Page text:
TORONTO, CANADA - JULY 8: Will Power of Australia driver of the #12 Team Penske Dallara Honda during practice for the IZOD IndyCar Series Honda Indy Toronto on July 8, 2011 in the streets of Toronto, Ontario, Canada. (Photo by Robert Laberge/Getty Images)
Six years ago, in an ill-advised attempt to latch onto the burgeoning reality television trend, NASCAR team owner Jack Roush partnered with the Discovery Channel to televise his annual "gong show" - a series of tests to pick prospect drivers for the Roush Racing system.
The resulting show, Driver X, was a flop, mostly because the whole thing seemed far too staged to capture audiences' imaginations. The unnecessary dramatics surrounding who was staying and who was going appeared tacked on and out of place - and, worse, the folks entrusted to "act it up" for the camera were wholly incapable of performing with any natural panache.
Driver X is of forensic curiosity, however, because certain segments showed just how aggressively-staged the NASCAR world is becoming... including one eye-opening segment where the contestants had to choose and rehearse their preferred "genuine" Victory Lane gimmick in front of the team's judges.
Last weekend's Honda Indy Toronto, on the other hand, was a couple hours' worth of the completely unexpected. The script that everyone had expected - Will Power dominating the race from flag to flag with the Ganassi boys not far behind, with the rest of the field a zip code away - was thrown out the window, replaced with something that left everyone scratching and shaking their heads.
Better yet, it featured Will Power ranting on camera. The mild-mannered Aussie let fly with such a vitriolic diatribe that some wondered if he was still suffering from the after-effects of his Iowa concussion. It was so unexpected, so disconnected from the equanimity that we have come to expect from the Toowoomba native, that even the scandalized fans could not help but be glued to their TVs to see what he'd say next.
With all of that off-script action, is it any wonder that the Honda Indy Toronto was the highest-rated race ever broadcast on Versus? And do you believe for one second that fans won't be tuning in for the next Toronto race to see if the craziness continues?
That is, in fact, why fans love racing so much - it boasts the unexpected, and the unexpected is thrilling. But when fans know that "spontaneous" moments are, in reality, planned meticulously beforehand - for instance, when a driver can only emerge from his car in Victory Lane on a cue from a camera crew and has a PR rep prompting his remarks with cue cards just off camera - it changes the spice to staleness.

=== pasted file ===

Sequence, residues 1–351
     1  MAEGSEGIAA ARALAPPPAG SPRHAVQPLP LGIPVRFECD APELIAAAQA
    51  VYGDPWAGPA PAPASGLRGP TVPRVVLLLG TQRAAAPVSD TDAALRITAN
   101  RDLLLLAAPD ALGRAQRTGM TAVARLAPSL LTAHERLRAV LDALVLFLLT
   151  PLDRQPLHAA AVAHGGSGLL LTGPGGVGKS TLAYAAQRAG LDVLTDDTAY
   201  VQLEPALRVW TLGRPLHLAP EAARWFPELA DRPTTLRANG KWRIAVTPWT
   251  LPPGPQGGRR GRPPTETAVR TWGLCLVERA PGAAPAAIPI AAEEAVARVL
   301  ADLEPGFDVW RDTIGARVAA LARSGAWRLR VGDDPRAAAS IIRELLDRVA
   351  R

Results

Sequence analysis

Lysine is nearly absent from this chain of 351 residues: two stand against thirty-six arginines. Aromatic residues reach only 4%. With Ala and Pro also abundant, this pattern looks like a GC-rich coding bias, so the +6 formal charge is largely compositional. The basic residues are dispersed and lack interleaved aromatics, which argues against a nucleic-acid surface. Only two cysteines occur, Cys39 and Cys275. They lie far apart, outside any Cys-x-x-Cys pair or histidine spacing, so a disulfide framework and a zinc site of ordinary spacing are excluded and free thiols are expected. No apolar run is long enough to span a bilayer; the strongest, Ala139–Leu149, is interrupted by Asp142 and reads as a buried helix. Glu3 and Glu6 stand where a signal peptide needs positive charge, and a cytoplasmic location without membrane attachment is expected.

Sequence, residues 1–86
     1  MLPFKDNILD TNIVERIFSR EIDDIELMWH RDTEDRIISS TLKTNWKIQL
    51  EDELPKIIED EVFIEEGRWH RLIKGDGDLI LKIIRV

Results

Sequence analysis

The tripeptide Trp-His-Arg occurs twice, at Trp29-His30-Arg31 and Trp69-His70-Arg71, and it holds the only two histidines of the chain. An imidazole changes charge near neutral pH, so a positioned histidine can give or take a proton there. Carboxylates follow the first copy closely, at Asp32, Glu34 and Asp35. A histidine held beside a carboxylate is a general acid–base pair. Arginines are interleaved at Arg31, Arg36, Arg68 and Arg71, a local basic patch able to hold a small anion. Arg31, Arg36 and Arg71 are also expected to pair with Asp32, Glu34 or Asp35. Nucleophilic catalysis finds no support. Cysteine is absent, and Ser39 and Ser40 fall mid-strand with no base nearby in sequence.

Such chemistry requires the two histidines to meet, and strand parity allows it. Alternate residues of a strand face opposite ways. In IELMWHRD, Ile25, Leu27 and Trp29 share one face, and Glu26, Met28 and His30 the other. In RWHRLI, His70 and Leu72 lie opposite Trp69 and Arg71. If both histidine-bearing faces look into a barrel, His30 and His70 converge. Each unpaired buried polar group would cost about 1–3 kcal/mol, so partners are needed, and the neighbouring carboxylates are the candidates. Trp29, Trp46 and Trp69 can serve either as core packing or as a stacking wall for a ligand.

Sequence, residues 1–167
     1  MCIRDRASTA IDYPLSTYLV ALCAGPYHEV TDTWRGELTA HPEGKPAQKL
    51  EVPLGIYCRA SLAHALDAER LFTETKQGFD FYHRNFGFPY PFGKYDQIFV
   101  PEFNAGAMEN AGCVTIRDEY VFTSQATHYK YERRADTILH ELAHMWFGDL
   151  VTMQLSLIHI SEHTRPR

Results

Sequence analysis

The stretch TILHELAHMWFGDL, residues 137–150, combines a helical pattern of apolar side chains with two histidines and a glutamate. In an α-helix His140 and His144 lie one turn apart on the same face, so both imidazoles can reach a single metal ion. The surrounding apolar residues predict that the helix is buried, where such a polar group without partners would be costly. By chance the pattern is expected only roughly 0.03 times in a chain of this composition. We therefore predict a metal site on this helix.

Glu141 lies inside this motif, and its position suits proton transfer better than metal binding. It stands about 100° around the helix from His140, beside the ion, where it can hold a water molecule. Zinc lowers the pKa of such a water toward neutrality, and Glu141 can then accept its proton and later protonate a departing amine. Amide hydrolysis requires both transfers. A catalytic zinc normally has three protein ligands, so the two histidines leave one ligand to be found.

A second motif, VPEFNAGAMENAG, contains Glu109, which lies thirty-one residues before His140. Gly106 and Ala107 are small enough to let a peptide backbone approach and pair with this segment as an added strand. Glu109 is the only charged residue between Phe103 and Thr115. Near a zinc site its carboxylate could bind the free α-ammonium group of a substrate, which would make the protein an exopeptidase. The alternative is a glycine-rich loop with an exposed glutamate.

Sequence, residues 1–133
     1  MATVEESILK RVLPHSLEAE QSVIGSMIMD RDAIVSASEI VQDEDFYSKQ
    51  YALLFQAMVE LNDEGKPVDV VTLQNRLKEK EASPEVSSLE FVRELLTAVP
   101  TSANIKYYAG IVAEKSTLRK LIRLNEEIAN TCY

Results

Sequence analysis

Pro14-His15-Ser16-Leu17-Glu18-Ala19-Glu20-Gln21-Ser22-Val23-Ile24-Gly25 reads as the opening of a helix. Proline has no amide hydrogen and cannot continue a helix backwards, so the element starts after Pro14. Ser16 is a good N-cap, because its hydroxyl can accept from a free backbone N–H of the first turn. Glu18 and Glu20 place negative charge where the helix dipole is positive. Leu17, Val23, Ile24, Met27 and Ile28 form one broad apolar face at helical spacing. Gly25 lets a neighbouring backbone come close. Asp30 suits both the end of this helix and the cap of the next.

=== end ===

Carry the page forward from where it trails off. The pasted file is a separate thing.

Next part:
NASCAR, for their part, spent years trying to clean up their overall image to become more attractive to corporate sponsors. The problem is that the rough, unfiltered world of stock car racing didn't become popular because the drivers were good salesmen. Jeff Gordon's bland excellence and sponsor-friendly attitude was at first an aberration to folks used to the Cale Yarboroughs and Dale Earnhardts of stock car racing - but in 2011 nearly the entire field is full of the same type of sponsor-friendly driver whose personalities are studiously kept out of the limelight.
IndyCar's image problem over the past 30 years or so has sprung from similar causes - the influx of European-trained drivers also replicated the distant, aloof atmosphere of the European paddocks. Not a function of driver nationality, it was instead a function of manners and propriety that distanced the competitors from their fans. It was, indeed, an adaptation of social class stratification that only the devastating effects of the Split and the crucial need for the drivers to connect personally with fans has reversed in recent years.
Is Verizon happy that their "spokesdriver" Will Power spent a solid two minutes calling other drivers "wankers" and Race Control brown-nosers? Most likely not. But most of the fans ate it up, and chances are very good that Power earned some new fans by being so bluntly honest - as ill-advised as it might have been from a PR standpoint.
I hope to see more emotion like that from racing, because racing is an emotional sport. Without that emotional spark, it becomes a group engineering exercise. People might as well take popcorn and a Coke to a wind tunnel session.